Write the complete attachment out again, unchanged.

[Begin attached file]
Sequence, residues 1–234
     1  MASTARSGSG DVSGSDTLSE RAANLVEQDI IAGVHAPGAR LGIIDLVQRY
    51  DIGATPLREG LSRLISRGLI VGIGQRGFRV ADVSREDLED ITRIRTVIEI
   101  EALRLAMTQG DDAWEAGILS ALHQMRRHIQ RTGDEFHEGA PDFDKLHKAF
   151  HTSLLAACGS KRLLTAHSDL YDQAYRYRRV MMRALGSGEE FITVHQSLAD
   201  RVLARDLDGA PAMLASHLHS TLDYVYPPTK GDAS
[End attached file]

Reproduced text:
Sequence, residues 1–234
     1  MASTARSGSG DVSGSDTLSE RAANLVEQDI IAGVHAPGAR LGIIDLVQRY
    51  DIGATPLREG LSRLISRGLI VGIGQRGFRV ADVSREDLED ITRIRTVIEI
   101  EALRLAMTQG DDAWEAGILS ALHQMRRHIQ RTGDEFHEGA PDFDKLHKAF
   151  HTSLLAACGS KRLLTAHSDL YDQAYRYRRV MMRALGSGEE FITVHQSLAD
   201  RVLARDLDGA PAMLASHLHS TLDYVYPPTK GDAS